South Africa in general has been approximately 2% hotter and at least 6% drier over the ten years between 1997 and 2006 compared to the 1970s. The use of water has also increased greatly over this same period. By 2000, 98.6% of that year's surface water yield and 41% of the annual utilisable potential of groundwater was allocated to use.
This study examined farmers’ adaptive measures to climate change induced natural shocks through past climate experiences in the Mekong River Delta (Vietnam) from a data set of 330 farmers. Seemingly unrelated regression model was used to identify the determinants of farmers’ adaptive measures.
Forests are vulnerable to climate change and are also major sources of livelihood for many
rural households in Africa. This study examines rural people’s perceptions of climate change
impacts on forest-based livelihoods using rural communities of Vhembe District in South
Africa as a case study. The study was based on the principles of perceived impact-based
Climate change threatens the livelihood of rural communities that depend on natural resources for food. Many people in developing countries living in the rural areas depend on indigenous food resources which in years are scarce and in poor supply as a result of marginal and erratic rainfall, low soil and ambient temperatures below the minimum temperature.
Climate change is expected to have serious environmental, economic, and social impacts on South Africa. In particular, rural farmers, whose livelihoods depend on the use of natural resources, are likely to bear the brunt of adverse impacts. The extent to which these impacts are felt depends in large part on the extent of adaptation in response to climate change.
Adaptation to climate change involves changes in agricultural management practices in response to changes in climate conditions. It often involves a combination of various individual responses at the farm-level and assumes that farmers have access to alternative practices and technologies available in the region.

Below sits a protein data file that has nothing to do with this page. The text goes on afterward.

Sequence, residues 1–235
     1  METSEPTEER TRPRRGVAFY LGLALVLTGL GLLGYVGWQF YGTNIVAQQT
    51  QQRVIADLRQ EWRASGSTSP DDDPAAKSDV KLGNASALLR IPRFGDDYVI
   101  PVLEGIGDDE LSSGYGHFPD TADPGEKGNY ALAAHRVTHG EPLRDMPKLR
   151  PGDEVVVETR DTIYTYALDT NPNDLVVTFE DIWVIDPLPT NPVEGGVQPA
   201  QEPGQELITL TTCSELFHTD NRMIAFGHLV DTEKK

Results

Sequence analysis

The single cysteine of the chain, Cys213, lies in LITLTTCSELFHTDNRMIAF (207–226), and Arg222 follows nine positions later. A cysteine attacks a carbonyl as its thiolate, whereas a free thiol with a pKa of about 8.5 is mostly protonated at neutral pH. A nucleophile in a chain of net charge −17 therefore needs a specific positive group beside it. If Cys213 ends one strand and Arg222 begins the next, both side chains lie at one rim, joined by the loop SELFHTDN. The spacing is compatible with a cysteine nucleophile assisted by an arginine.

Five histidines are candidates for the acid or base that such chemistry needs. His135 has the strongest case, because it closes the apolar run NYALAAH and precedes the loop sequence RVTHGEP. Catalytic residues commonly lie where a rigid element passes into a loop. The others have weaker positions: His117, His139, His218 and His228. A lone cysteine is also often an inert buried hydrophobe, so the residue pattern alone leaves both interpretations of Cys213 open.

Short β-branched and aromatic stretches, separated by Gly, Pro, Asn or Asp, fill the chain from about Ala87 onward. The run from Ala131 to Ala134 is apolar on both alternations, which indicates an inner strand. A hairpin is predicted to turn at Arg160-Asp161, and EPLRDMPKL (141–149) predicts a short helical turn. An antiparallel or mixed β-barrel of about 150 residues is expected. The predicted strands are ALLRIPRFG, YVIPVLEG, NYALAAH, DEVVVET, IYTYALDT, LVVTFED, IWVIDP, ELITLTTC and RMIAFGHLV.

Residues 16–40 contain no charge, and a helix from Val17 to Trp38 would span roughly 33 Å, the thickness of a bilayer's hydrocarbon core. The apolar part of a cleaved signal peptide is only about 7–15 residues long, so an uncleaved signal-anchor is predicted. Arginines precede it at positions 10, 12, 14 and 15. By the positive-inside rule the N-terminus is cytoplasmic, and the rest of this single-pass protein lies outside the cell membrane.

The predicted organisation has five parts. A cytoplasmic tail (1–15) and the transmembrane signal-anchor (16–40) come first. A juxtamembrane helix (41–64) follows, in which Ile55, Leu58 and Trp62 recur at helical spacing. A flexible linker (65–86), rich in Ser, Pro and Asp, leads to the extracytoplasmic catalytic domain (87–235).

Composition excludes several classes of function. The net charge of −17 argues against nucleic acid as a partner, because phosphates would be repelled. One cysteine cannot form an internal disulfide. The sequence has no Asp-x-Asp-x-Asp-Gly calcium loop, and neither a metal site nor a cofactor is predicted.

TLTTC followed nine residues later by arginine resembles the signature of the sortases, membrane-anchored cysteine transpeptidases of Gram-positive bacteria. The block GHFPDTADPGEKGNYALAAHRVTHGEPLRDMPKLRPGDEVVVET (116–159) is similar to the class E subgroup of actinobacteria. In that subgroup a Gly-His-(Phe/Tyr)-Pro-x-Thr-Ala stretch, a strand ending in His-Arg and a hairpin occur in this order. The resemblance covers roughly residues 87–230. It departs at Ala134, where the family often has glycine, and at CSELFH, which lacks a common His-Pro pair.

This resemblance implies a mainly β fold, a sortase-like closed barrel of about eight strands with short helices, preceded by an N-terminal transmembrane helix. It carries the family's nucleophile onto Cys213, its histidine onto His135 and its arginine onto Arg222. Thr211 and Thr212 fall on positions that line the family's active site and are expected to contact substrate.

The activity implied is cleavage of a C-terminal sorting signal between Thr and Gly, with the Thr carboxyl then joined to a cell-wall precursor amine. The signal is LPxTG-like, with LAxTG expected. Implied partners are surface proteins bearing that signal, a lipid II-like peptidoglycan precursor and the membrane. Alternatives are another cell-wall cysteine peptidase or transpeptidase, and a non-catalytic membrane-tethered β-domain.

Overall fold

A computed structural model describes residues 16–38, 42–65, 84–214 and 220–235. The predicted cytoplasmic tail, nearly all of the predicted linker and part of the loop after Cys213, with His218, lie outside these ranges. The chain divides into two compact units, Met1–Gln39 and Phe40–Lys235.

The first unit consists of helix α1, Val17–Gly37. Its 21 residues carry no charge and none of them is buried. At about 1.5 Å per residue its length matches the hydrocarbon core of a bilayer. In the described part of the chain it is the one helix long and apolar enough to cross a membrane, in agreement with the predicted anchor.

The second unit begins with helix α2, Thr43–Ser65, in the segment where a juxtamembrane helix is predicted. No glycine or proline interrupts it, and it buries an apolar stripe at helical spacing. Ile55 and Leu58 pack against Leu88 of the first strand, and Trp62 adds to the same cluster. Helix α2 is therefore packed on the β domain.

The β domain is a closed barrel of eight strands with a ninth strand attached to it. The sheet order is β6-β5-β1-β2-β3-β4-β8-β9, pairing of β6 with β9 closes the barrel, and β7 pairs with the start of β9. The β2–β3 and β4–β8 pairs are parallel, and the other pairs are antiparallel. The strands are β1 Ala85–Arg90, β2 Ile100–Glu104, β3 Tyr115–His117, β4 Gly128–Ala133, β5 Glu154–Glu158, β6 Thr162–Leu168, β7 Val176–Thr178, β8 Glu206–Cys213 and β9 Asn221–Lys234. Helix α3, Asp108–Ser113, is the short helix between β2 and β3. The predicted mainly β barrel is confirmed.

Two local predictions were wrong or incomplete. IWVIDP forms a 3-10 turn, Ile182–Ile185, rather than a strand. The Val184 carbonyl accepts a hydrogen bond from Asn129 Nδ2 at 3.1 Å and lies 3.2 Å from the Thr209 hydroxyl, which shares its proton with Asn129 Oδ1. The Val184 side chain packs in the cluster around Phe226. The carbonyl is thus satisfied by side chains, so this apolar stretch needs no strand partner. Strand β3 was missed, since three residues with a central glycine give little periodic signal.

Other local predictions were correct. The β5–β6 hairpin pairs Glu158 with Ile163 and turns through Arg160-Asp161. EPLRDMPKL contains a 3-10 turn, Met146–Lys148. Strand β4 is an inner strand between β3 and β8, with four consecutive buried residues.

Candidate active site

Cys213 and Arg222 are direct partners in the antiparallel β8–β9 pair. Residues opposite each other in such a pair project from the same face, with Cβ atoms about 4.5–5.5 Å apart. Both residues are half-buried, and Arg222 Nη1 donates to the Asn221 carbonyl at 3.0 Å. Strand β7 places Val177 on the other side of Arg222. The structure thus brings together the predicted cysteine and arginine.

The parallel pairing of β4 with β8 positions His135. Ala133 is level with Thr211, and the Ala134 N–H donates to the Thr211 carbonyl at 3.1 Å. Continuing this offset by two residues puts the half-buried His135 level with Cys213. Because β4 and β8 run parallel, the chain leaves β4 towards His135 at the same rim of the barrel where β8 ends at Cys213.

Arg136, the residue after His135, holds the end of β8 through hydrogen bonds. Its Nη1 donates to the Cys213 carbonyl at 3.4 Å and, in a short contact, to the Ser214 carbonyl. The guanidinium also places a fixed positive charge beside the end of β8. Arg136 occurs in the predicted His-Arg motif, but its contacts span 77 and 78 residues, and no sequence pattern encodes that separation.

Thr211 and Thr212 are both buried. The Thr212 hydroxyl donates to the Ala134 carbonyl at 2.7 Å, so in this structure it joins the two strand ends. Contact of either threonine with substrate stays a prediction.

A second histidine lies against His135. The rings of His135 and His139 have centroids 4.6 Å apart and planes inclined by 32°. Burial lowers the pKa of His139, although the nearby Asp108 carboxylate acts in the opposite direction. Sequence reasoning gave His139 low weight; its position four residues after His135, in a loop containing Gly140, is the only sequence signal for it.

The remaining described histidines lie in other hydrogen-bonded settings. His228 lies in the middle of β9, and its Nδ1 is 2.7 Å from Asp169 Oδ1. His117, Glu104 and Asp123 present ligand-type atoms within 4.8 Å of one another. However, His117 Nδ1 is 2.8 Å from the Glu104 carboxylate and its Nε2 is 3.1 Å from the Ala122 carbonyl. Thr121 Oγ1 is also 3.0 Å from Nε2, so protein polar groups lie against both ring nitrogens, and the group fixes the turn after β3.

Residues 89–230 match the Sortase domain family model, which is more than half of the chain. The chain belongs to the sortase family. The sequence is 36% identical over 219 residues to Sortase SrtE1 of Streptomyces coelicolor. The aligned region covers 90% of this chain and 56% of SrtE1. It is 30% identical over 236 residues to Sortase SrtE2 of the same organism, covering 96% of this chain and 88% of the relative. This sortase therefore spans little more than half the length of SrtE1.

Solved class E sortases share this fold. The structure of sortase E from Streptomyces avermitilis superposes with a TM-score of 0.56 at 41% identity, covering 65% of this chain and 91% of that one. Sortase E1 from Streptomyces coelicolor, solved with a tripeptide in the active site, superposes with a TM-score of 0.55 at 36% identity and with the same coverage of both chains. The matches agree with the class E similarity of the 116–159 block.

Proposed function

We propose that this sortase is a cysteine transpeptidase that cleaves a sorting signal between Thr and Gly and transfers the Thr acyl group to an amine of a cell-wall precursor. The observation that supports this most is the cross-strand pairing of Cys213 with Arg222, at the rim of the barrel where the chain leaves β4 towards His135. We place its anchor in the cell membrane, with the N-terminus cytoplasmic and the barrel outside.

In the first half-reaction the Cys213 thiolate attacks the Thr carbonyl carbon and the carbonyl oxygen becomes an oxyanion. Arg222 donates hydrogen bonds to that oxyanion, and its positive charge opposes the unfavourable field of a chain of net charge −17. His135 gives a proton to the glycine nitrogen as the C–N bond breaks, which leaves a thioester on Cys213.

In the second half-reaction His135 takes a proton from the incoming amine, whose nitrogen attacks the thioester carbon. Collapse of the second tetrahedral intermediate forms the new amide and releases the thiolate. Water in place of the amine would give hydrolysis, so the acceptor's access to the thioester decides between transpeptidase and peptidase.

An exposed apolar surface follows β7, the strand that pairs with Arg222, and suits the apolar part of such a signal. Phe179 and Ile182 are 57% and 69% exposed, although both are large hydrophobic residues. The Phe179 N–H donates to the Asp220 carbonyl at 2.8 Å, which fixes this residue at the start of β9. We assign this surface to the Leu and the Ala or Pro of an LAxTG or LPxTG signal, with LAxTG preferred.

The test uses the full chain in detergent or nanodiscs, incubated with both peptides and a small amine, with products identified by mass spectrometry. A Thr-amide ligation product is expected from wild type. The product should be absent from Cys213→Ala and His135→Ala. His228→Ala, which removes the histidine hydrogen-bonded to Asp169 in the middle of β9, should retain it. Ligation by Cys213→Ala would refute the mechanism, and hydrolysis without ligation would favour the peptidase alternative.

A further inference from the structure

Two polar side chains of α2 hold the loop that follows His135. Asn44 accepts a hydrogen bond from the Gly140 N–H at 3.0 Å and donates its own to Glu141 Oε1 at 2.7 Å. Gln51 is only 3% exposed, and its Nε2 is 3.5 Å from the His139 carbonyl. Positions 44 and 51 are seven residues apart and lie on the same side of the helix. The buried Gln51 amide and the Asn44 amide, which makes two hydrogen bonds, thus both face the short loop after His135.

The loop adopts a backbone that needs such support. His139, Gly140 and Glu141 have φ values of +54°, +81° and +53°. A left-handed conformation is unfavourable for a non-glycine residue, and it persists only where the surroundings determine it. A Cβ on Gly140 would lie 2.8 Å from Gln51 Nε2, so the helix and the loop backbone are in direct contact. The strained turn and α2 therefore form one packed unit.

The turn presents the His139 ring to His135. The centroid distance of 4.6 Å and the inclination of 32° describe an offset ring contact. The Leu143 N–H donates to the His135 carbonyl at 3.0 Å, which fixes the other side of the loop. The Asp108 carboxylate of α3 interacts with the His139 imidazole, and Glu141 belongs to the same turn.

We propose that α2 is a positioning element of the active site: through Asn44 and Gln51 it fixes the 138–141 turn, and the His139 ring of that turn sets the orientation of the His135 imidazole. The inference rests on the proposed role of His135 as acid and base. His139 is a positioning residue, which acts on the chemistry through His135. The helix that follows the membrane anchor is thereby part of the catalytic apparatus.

We describe the nature of recent (50 year) rainfall variability in the summer rainfall zone, South Africa, and how variability is recognised and responded to on the ground by farmers. Using daily rainfall data and self-organising mapping (SOM) we identify 12 internally homogeneous rainfall regions displaying differing parameters of precipitation change.
Indigenous knowledge is entering into the mainstream of
sustainable development and biodiversity conservation discourse.
Article 8(j) of the Convention of Biological Diversity
(Rio, 1992) has contributed to this process by requiring
signatories to: “respect, preserve and maintain knowledge,
innovations and practices of indigenous and local communities
Today Native Americans have higher rates of diet-related illness and mortalities than any other racial or ethnic group in the United States. These figures reflect the many challenges to the land base, cultural identity, spiritual life, environmental quality and stability of local economies and political institutions which, in part, support healthy diets.